Hammer Film Productions cornered the horror film market throughout the `50s, `60s, and into the `70s and The Horror of Dracula may be their most famous effort. It’s the quintessential Hammer flick: vibrantly colorful with high production values, featuring two of the most iconic actors in horror film history — Christopher Lee and Peter Cushing. Lee and Cushing have always been under-appreciated for their acting abilities, but few can deny their on-screen charisma and chemistry.
Lee plays Count Dracula for the first time here, a role for which he’d soon become synonymous, while Cushing takes on the role of his nemesis, Professor Van Helsing. The appeal of these two actors may be an acquired taste, but I’m a huge fan. (I could probably watch either of them read the back of a shampoo bottle.) Despite its popularity, the movie itself is not one of my favorite Hammer films. Lee and Cushing have little screen time together and neither have yet fallen into their “groove” (this is only their second pairing).
The middle act isn’t as interesting as the first or last, and James Bernard’s music (which is normally very good) is a little too blaring. But it’s still good, cheesy fun, especially in the final minutes, as Cushing chases Lee through the castle with crucifix in hand.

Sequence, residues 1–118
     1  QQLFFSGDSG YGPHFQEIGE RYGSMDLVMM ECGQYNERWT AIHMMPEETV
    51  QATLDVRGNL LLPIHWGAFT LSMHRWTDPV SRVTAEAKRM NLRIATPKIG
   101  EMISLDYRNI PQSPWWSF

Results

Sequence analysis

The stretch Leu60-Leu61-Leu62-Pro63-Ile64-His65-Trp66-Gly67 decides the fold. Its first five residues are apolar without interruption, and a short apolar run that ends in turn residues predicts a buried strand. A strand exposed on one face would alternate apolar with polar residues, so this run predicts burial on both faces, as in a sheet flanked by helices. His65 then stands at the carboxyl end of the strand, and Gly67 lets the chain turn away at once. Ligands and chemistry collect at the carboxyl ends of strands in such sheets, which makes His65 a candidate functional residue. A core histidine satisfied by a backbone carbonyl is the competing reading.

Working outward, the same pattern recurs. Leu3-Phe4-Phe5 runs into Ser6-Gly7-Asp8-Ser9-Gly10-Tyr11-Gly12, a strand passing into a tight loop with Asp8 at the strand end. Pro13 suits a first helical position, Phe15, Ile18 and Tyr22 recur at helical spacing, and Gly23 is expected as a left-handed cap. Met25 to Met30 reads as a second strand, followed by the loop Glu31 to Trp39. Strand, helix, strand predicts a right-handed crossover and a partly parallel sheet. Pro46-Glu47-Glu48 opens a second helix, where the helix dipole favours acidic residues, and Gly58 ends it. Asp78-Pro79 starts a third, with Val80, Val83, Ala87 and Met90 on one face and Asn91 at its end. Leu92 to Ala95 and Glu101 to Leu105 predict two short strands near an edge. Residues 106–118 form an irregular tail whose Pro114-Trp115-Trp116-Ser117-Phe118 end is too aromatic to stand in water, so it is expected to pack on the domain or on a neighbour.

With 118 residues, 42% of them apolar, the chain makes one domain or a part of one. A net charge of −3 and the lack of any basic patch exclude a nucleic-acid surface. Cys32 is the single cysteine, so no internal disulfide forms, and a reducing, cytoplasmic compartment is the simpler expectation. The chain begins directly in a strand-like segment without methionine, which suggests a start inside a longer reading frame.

Hammer horror movies are like pizza. Even when they’re bad, they’re still pretty good. I think they resonate with me because I love watching British people fight monsters. No matter how ludicrous the scenario might be, they always approach it with an astonishing sincerity that I find utterly charming.
Scott studied film and sociology at Indiana University and is currently the video producer for a large publishing company. He is the director of several independent films, including "House of Hope," "Off the Beaten Path," "The Day Joe Left," and "Found." For more about Scott, visit www.scottschirmer.com. Scott is also one of the principal organizers of the Dark Carnival Film Festival. (www.darkcarnivalfilmfest.com)